4 “Go and tell my servant David, ‘Thus says the Lord: It is not you who will build me a house to dwell in. 5 For I have not lived in a house since the day I brought up Israel to this day, but I have gone from tent to tent and from dwelling to dwelling. 6 In all places where I have moved with all Israel, did I speak a word with any of the judges of Israel, whom I commanded to shepherd my people, saying, “Why have you not built me a house of cedar?” ’ 7 Now, therefore, thus shall you say to my servant David, ’Thus says the Lord of hosts, I took you from the pasture, from following the sheep, to be prince over my people Israel, 8 and I have been with you wherever you have gone and have cut off all your enemies from before you. And I will make for you a name, like the name of the great ones of the earth.
This is God’s response when David wants to build God a house. It’s a noble desire, right? David lives in an awesome palace with fine wood-paneled walls and the best of everything, shouldn’t God have a great house?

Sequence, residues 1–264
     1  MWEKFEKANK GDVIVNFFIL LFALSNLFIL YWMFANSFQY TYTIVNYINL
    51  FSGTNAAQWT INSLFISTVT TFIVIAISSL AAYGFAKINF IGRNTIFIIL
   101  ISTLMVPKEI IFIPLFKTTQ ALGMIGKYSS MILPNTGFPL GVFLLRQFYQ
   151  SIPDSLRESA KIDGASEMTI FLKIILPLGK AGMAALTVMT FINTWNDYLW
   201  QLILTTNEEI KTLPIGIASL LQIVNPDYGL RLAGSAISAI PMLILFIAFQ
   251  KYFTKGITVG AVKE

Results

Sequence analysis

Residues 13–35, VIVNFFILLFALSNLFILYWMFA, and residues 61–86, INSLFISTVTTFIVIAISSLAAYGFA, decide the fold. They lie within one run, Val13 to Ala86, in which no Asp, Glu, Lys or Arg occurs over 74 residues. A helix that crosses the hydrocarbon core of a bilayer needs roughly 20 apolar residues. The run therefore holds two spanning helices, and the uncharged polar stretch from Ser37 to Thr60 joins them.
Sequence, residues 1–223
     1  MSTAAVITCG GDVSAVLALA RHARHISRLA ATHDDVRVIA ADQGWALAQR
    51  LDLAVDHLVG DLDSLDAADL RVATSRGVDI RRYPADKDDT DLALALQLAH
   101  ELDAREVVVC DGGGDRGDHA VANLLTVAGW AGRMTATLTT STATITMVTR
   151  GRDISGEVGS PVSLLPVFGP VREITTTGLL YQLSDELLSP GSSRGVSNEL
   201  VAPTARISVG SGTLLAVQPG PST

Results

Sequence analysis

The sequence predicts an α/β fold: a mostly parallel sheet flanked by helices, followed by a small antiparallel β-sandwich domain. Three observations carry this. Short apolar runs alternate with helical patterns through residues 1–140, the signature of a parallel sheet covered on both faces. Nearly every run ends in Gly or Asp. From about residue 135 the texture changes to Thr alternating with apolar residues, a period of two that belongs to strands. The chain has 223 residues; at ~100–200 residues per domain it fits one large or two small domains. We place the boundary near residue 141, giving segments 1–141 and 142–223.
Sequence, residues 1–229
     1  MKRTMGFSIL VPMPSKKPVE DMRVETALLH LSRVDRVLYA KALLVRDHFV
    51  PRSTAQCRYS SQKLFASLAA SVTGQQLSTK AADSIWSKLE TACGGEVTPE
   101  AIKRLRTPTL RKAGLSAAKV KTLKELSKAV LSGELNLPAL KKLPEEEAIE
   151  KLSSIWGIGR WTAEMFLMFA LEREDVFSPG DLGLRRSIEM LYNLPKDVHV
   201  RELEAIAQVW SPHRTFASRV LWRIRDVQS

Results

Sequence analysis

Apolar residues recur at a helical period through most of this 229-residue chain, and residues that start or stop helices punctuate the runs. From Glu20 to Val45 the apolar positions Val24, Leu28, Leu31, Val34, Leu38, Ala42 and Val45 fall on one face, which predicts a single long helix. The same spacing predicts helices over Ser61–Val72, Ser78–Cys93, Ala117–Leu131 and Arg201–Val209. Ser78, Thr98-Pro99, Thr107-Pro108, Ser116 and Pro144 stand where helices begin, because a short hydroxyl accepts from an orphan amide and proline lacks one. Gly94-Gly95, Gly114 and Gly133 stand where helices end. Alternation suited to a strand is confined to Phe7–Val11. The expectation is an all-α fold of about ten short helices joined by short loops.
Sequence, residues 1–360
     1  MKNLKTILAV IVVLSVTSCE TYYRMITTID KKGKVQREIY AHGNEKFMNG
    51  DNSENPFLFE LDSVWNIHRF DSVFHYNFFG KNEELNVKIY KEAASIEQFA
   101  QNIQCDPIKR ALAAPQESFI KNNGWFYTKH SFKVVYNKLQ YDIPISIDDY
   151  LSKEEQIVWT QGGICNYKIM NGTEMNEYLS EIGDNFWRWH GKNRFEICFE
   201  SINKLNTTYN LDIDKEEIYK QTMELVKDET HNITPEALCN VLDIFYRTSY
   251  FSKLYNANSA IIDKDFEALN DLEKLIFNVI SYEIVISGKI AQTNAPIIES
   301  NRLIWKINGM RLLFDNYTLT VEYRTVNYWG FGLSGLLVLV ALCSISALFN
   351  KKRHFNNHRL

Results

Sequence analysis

It’s reasonable and maybe a little humble or maybe it’s pious and trying to not feel guilty for living so luxuriously. The guy did, after all, live for years on the run in caves.
But God was there in the caves and He was there in the wilderness. It’s almost like building a house for God would either disappoint David because God would never stay cooped up at home or it would disappoint God because there is no way it would ever be good enough or big enough.
Paul would later say to the smart folks in Athens:
Nor is God served by human hands, as though he needed something, since He is the one who gives life, breath, and everything else. – Acts 17:25 CEB
God is so great that He really doesn’t need a thing from us. He doesn’t even need our worship. But He’ll take it. He’ll take whatever we have to offer Him, like a grandparent taking yet another funky crayon drawing and hanging it on their fridge.
But as we give things to Him and serve Him, He wants to keep it all as gifts of gratitude. Worship and all kinds of service are best when they are our thankful response to God. God didn’t need a house to live in. He was glad that David thought of it and intended to do it, and their relationship improved because of it.
That is the best position for any worship or offering we would bring to God. It’s not going to buy us righteousness or give God something He needs, but if it’s the thing we can come up with to express our love to Him, He’ll take it.
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